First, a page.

These aircraft require practically no infrastructure support and can operate out of almost anywhere for fractions of the cost of comparable traditional aircraft. Comparable is not really totally accurate in the sense that ‘comparable’ aircraft are either fixed-wing or rotary-winged and use internal combustion engines.

An obvious drawback of the design is the lack of speed. The other major detractor is the wind restriction. But those seem easily compensated by the amazing capabilities; these aircraft can drop their cargo with exacting precision, an amazing feat when you consider their largest aerostat has a payload of 55 tons! Imagine the possibilities: shipping a pre-manufactured mobile bridge across a nation by air and setting it down precisely into position with ever even needing a crane. And the aerostat designs are infinitely scalable, as well as offering the ability to coordinate lift. Imagine having four aerostats lifting in unison: they would be able to lift 220 tons! And on, and on it goes.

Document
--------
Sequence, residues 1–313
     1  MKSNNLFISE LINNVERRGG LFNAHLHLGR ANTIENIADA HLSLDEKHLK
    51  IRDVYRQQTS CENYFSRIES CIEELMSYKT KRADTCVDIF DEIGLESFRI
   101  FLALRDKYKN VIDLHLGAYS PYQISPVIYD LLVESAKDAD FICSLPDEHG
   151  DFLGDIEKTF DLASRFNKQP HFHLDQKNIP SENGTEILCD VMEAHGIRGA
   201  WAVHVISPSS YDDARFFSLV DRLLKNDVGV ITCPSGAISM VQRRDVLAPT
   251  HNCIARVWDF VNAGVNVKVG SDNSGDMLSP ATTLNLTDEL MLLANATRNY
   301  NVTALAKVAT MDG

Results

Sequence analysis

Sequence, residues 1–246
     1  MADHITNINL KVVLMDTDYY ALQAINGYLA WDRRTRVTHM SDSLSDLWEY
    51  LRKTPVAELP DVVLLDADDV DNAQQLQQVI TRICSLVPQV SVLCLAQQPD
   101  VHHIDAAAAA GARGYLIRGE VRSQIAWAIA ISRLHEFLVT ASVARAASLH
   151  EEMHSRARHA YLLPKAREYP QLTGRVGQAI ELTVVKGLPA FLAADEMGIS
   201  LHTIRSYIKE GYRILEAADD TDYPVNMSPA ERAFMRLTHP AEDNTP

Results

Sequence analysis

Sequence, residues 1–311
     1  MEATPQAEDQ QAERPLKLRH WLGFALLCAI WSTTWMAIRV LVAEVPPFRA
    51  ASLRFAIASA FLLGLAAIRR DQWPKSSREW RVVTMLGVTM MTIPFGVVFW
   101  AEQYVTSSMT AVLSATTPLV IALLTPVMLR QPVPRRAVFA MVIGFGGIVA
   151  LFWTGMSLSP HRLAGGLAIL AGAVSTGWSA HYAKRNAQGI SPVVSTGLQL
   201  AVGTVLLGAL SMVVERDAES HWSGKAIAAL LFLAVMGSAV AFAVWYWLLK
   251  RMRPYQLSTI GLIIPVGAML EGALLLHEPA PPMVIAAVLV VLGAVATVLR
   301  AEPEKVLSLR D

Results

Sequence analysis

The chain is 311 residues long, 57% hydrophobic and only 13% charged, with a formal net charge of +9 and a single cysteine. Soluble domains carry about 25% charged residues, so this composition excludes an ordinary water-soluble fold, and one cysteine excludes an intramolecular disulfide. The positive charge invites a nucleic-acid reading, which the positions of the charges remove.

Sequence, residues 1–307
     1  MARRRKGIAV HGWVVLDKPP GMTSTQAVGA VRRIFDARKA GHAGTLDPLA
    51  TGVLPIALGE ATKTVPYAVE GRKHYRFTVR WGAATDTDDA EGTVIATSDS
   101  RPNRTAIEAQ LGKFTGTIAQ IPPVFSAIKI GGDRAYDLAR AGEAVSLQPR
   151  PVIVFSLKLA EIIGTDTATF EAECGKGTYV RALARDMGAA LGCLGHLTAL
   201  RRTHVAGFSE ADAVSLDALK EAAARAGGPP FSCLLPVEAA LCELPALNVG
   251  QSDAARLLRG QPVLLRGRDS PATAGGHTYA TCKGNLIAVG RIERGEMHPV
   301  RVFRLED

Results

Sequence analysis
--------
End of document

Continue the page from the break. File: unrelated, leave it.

Ground Support

The most accessible means of implementing electrical power into aviation is on the ground side of airport operations. While electric support vehicles are not all that new, the technology being used now has vastly expanded their capabilities and usability. The best example are the all-electric tugs from Mototok.

These tugs are not only environmentally sound, but are intuitively designed to reduce the workload on ground support personnel. Remote control aircraft tugs free up personnel who can otherwise be performing more technical work, or other tasks which cannot be further reduced in personnel.

Electric GSE requires no warm-up period, which is wonderful in areas where warm-ups are a necessary part of operations. The simply must be turned on and operated. They are not complicated to operate, and the energy required to maintain a charge is vastly under the energy necessary to run a diesel engine. Now, there are some GSE items which will always be diesel powered, but more and more are able to operate on electrical power.